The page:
How to Find Your Gauge

February 22, 2017

Once in a while I talk to an experienced crocheter, who never did a gauge swatch. Because GAUGE sounds like something difficult. It's not.

Do you need to know your gauge? No. You can certainly crochet without knowing your gauge. But if you want to have just the slightest idea of what size your final work will be, you need it.

Very often the never-did-a-gauge-swatch-chat is followed by a funny story about extremely large or small hats.

It doesn't take long to learn to do a gauge swatch and it might save you hours of frogging for the rest of your life!


What to use Gauge For?

The most obvious reason, why you should do a gauge swatch, is to know what the final size of your work will be.

Besides that, a gauge swatch can also help you:
  • swap stitches in a pattern.
  • if you want to turn a photo or an image into a pillow or a blanket.
  • give you a general feeling of the final structure. Is the yarn fit for your work?
  • if you weigh your swatch, you'll also get an idea of how much yarn is needed for a certain amount of stitches.
And if you want to make your own designs, gauge swatches are crucial. In addition to all of the above, they'll help you figure out, how many stitches you need for a sleeve.


Find Your Gauge

Let's get to the practical part:
  1. Find or make a crocheted piece. Preferably it should be around 13x13 cm (5x5 inch) or larger.
  2. Don't stretch it, just smoothen it, if required. (If you stretched it already, shake it and try again.)
  3. Find and place a ruler in the middle of the work right below a row. Avoid edges.
  4. Count the amount of stitches you have within 10 cm (4 in). Write down that number.
Gauge counting stitches

  1. Place the ruler the other way, so you can count rows. Put it somewhere in the middle.
  2. Count the amount of rows within 10 cm (4 in). Remember, you have back and forward rows. Be sure to count all. Write down the amount of rows.
Gauge counting rows


Congratulations! You have measured your gauge!

What did you get? In my piece of single crochet I got 13 stitches x 17 rows. If I were to follow a pattern, where gauge should be 11 stitches and 14 rows, I would need a larger hook, as my tension is tighter than the designer's.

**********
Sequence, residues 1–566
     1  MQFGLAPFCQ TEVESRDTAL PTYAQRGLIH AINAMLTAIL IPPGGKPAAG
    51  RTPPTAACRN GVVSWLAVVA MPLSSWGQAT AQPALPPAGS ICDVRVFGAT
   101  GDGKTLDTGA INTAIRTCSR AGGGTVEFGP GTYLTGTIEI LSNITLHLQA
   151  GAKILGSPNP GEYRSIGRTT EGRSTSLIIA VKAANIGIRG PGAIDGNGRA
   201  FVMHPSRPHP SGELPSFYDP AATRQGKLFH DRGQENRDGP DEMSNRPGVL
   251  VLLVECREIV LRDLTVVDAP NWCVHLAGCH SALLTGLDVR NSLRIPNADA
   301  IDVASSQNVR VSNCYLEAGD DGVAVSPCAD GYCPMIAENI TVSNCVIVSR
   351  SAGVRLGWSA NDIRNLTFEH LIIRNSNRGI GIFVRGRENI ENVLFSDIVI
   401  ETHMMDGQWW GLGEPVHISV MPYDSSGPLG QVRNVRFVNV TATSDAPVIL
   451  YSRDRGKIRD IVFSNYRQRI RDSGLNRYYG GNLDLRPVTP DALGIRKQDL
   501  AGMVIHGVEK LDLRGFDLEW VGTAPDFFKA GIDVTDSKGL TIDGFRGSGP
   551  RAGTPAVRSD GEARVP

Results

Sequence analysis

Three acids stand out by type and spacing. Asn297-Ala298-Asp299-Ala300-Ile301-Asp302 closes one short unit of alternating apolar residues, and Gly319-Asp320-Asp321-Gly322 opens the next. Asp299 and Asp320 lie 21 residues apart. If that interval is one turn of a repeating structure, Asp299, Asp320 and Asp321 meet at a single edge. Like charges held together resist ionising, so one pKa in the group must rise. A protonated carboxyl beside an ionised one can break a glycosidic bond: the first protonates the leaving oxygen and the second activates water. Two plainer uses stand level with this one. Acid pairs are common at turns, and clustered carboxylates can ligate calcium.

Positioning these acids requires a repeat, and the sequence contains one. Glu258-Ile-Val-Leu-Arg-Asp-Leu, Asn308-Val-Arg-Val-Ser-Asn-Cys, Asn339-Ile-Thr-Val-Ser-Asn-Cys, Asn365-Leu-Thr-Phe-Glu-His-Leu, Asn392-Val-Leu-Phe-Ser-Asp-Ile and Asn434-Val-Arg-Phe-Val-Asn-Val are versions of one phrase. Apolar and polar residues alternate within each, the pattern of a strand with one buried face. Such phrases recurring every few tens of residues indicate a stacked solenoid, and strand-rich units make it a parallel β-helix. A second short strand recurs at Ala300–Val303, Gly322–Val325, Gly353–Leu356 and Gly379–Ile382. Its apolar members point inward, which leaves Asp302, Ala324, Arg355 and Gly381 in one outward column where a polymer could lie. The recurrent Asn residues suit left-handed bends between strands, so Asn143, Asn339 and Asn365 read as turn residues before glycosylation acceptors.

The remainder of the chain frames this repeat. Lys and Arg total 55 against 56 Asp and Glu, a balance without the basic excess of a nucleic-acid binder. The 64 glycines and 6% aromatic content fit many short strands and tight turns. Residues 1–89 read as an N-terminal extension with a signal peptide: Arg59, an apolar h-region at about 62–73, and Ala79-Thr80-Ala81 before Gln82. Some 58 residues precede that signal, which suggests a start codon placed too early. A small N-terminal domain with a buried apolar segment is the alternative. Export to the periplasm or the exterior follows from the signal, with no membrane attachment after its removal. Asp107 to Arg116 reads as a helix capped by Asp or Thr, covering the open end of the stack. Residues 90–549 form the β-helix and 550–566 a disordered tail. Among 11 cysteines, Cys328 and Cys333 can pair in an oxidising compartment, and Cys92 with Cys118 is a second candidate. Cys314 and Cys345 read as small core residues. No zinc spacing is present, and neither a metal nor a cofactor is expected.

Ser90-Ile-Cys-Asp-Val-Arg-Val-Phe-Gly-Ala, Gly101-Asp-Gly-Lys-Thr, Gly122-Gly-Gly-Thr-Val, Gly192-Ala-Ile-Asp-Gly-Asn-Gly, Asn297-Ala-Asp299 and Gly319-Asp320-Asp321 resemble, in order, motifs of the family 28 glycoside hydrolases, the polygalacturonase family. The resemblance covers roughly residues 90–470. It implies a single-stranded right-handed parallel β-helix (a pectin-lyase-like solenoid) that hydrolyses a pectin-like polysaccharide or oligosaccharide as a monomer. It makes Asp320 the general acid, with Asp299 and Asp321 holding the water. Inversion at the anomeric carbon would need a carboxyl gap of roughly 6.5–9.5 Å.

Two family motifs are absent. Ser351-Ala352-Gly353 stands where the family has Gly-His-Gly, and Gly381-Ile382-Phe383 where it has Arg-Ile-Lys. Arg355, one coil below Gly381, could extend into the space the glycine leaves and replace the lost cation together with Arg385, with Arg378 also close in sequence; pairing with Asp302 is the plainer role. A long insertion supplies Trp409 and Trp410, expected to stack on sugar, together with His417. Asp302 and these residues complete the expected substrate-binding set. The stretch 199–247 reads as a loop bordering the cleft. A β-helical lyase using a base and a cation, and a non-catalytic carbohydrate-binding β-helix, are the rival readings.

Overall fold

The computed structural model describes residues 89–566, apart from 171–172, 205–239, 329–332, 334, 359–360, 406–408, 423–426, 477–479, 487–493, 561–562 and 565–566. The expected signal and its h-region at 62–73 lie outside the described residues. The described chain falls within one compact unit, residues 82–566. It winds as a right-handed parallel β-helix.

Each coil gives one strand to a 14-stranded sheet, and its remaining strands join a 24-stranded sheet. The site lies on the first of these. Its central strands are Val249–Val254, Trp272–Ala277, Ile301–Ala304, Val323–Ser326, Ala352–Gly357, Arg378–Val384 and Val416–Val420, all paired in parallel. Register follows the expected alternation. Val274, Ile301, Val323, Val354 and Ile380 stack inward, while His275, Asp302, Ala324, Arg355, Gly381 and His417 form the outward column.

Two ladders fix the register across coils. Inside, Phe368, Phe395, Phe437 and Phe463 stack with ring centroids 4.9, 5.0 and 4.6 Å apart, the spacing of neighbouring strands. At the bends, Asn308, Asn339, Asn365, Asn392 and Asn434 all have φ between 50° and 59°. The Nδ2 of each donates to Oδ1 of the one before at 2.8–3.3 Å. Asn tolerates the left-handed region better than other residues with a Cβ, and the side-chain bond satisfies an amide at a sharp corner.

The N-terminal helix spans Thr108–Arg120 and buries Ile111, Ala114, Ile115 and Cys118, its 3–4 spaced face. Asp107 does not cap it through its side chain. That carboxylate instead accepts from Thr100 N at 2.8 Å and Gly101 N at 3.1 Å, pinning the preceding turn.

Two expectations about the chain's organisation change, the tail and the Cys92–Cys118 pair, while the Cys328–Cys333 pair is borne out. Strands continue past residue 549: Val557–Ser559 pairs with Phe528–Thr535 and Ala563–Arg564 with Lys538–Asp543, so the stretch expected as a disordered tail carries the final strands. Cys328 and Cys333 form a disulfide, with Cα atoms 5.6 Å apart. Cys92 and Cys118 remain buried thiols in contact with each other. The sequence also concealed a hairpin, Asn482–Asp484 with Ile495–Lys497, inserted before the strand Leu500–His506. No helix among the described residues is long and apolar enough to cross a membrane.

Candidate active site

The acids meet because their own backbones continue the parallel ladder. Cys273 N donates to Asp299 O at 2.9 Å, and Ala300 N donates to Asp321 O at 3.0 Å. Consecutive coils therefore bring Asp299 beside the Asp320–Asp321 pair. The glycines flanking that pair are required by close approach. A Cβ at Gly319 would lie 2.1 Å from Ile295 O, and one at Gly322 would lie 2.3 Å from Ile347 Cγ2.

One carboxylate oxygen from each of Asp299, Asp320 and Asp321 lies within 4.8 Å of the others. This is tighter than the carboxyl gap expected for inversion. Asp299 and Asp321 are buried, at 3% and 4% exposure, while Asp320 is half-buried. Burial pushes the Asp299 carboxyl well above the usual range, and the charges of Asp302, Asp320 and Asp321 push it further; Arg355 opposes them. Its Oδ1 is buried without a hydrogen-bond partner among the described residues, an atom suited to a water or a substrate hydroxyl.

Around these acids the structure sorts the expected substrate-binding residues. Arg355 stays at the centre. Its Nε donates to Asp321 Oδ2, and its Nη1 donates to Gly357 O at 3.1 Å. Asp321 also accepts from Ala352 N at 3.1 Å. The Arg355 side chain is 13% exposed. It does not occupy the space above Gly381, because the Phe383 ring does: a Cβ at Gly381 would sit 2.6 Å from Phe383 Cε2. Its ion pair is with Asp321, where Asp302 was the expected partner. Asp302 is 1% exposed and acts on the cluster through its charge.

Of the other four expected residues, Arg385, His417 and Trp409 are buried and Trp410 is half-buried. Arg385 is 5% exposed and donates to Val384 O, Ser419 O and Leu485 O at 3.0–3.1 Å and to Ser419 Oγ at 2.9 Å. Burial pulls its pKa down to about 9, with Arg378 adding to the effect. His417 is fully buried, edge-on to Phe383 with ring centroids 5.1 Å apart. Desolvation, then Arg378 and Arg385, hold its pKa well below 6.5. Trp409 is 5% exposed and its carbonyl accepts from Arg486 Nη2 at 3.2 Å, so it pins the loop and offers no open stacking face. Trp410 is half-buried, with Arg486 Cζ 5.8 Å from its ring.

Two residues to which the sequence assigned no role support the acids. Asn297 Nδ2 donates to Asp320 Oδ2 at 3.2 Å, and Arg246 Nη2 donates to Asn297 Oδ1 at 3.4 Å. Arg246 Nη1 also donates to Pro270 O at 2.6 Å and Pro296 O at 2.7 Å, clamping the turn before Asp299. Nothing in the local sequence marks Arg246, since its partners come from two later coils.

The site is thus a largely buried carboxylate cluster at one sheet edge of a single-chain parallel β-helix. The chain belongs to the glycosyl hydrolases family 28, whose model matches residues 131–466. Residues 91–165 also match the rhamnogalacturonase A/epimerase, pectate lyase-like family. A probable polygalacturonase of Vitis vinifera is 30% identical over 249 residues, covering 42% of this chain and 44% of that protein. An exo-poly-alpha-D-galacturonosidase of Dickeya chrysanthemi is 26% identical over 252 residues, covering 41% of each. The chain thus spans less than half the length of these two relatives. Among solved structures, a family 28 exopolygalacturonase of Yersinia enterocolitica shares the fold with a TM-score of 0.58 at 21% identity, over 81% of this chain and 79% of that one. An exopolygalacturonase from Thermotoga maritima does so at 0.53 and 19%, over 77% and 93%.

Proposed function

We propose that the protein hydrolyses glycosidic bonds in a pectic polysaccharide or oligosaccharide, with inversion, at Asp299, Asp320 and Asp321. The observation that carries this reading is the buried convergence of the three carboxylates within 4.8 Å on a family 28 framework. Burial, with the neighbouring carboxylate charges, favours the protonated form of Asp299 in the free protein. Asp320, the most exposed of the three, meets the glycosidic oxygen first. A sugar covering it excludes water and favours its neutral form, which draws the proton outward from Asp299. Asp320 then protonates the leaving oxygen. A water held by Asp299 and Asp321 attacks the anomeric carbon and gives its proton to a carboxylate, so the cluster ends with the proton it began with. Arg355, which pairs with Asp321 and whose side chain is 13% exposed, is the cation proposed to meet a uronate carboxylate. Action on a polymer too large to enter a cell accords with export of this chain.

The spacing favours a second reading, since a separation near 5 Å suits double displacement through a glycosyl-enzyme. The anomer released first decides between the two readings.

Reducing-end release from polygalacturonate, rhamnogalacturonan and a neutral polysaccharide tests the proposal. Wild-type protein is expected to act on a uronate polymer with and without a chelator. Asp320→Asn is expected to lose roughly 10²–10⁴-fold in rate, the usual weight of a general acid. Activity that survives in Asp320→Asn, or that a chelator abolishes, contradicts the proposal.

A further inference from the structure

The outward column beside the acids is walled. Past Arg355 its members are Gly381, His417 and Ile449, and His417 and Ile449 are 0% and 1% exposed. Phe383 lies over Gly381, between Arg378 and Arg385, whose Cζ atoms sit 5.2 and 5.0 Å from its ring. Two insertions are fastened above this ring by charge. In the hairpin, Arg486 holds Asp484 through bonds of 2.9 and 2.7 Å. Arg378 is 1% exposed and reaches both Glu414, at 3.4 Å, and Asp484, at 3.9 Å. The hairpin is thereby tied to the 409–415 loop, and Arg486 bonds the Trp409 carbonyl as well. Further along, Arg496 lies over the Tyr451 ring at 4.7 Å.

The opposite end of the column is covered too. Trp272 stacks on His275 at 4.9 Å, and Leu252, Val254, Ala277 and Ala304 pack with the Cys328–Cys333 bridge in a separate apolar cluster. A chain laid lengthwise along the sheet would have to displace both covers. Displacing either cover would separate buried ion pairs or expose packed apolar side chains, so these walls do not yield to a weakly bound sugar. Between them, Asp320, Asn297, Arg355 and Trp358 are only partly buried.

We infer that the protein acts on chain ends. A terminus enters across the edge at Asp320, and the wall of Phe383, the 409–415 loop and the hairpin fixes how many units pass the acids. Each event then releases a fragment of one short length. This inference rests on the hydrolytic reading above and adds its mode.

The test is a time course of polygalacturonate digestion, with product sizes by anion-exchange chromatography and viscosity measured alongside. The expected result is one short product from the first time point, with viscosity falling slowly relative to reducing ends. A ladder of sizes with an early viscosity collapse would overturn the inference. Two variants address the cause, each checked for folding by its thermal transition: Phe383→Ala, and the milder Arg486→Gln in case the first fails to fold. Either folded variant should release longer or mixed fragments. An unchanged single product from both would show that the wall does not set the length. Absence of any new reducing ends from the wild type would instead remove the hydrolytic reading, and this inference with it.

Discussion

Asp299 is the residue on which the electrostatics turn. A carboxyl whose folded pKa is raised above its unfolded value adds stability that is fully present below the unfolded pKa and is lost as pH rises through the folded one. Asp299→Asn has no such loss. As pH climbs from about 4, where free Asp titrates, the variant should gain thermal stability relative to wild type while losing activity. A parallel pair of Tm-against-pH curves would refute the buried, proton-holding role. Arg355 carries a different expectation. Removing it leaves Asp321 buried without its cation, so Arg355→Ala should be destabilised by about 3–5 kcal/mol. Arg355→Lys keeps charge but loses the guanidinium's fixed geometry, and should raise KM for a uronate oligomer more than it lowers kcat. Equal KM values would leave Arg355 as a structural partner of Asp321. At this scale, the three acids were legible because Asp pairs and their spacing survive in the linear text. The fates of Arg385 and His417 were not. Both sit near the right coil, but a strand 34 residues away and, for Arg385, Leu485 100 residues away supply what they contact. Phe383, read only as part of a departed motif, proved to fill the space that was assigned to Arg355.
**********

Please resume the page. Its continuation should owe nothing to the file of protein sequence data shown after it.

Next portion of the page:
Once in a while you'll even find that you have the wrong yarn for the project. Wouldn't that be nice to know, before you start on a huge project?

Stitches are Different

Different stitches have different aspect ratio. Meaning, some stitches are relatively taller than other: A treble crochet stitch is much taller than a single crochet stitch. When you follow a crochet pattern, you should - in general - make a gauge swatch of the stitches used in the pattern.

Tiny Stitches

If you are about to work with tiny stitches, you might not want to make a huge sample. Make it half size, so you can count the stitches within 5x5 cm (2x2 inch) instead. Then multiply stitch- and row-count by 2. I would do that for a hook smaller than 4 mm (US: G-6, UK: 8).

Washing the Sample

Yes. Sometimes it is a good idea to also wash the swatch before measuring. And block it, if that is requested for the final product. The crochet pattern might tell you what to do. If it doesn't, then rule of thumb is to wash yarn made from natural fibers. Yarn like cotton yarn and wool yarn.

This washing part might sound cumbersome - I know! But in reality it doesn't take long to wash and put needles in a little piece of crochet. It is the waiting time, while it dries that kills you, right? If you are in a hurry, consider to measure the gauge - carefully - while the swatch is still wet.


And to be honest: Mostly I skip the washing part, but only if I have a very good idea, of how my yarn will behave when washed - else I would rather wash, than end up with a totally useless product.

- - -  
 
It is fun to crochet. And frogging might be alright once in a while. Still. Imagine how many hours you have spent frogging already :)


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